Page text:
Sell Price / List Price: This metric conveys important information about a sales negotiation. Here’s how you calculate it. Every home seller’s dream is to close the sale quickly and get a final price that’s at least as high as the asking price. Conversely, a home buyer wants to negotiate the figure down as far below the asking price as possible. In numerical terms, a seller wants a sale-to-asking price ratio of something like 105%, while a buyer would prefer a ratio that’s closer to 90%.

Exactly where the two parties meet on that spectrum depends on many variables, the biggest being overall market conditions. Recently, buyers have held good leverage in these negotiations: On average, they bought homes for 98% of the asking price in 2015, according to the National Association of Realtors.

So how do you calculate that ratio of selling price to asking price?

The calculation: Figuring out this ratio, also known as the sale-to-list ratio, is a simple three-step process:

  1. Divide the selling price by the asking price.
  2. Multiply the result by 100 to make it a percentage.

As an example, let’s say the selling price is $289,000, the median selling price for a new home in the U.S. in December, 2015. Meanwhile, the the seller originally listed the home for $300,000. The calculation to figure out the sale-to-list ratio looks like this:

$289,000/$300,000 = 0.963

0.963 x 100 = 96.3%.

In this case, the sale-to-list ratio is 96.3%.

Why it matters
That number gives us a good indication that the buyer held more leverage than the seller in this situation. If that weren’t the case — if, for example, multiple potential buyers had bid on the property — it’s likely that the sale price would have landed at or above the asking price. That scenario would have yielded a ratio of 100% or higher.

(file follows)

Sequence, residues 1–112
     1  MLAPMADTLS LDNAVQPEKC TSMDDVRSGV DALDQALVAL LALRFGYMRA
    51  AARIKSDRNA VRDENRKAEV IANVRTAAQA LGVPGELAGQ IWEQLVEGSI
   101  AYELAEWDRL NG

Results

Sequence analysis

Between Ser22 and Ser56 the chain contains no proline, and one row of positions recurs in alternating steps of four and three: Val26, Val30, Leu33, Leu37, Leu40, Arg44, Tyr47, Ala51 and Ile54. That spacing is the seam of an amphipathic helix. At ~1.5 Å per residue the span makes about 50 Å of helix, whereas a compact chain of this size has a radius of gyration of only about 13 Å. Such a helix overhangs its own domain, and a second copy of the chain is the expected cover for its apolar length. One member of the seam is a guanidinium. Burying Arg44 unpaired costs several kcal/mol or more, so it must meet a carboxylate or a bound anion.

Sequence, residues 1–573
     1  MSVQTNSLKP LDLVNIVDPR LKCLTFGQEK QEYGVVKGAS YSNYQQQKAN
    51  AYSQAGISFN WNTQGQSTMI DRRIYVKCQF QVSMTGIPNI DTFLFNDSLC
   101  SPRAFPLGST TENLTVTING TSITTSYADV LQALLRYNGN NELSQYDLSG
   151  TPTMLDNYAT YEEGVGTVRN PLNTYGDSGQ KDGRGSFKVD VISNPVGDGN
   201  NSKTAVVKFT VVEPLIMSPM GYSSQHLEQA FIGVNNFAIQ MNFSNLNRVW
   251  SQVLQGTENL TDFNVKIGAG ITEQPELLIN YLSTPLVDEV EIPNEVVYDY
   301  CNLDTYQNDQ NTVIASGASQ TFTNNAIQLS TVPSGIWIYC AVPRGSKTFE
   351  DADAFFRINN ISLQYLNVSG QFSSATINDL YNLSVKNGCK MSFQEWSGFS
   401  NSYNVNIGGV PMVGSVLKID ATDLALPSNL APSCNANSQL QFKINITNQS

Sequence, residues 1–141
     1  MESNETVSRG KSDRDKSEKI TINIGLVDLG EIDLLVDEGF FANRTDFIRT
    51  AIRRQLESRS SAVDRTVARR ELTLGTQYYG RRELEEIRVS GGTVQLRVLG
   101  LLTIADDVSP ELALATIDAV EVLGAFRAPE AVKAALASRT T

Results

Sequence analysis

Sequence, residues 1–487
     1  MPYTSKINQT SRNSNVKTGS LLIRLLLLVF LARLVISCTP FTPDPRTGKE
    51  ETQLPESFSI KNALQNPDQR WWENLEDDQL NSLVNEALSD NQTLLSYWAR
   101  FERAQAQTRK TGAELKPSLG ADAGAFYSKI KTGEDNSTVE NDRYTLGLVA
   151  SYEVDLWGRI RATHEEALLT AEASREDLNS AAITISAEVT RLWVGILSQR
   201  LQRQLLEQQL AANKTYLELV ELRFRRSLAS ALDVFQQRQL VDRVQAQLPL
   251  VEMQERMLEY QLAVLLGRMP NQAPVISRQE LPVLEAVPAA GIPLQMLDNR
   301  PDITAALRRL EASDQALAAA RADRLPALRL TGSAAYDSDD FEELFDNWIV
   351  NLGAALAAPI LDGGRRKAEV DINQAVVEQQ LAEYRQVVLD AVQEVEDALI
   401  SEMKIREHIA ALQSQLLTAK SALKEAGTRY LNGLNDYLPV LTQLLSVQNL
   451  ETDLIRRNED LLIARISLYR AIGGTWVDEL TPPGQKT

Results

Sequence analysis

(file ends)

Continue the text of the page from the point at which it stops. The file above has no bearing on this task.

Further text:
The ratio of selling price to asking price is a useful metric not only in home sales, but in any situation where value is determined by negotiations between buyers and sellers. How far the ratio deviates from 100% — and in what direction – tells you important information about the motivations of the two parties, as well as the market dynamics surrounding their agreed-upon sale.

The problem with averages : Before the original HPI was introduced, REALTORS® and the public relied on monthly average pricing statistics to understand trends in housing prices.

Averages, however, can be very misleading since the quantity and quality of the properties sold in any given area change over time for any number of reasons. As a result, average prices can fluctuate dramatically, making the housing market appear unstable.

To demonstrate this point, let’s look a couple of examples of how average prices are affected by various changes in sales patterns.

Year 1 ($) Year 2 ($)
1. 139,000 1. 139,000
2. 145,000 2. 145,000
3. 230,000 3. 230,000
4. 265,000 4. 265,000
5. 290,000 median average 5. 290,000 median average
6. 320,000 6. 320,000
7. 365,000 7. 365,000
8. 425,000 8. *545,000
9. 480,000 9. *580,000
Total $2,659,000 ÷ 9 sales = $295,444, which is the mean average Total $2,879,000 ÷ 9 sales = $319,888, which is the mean average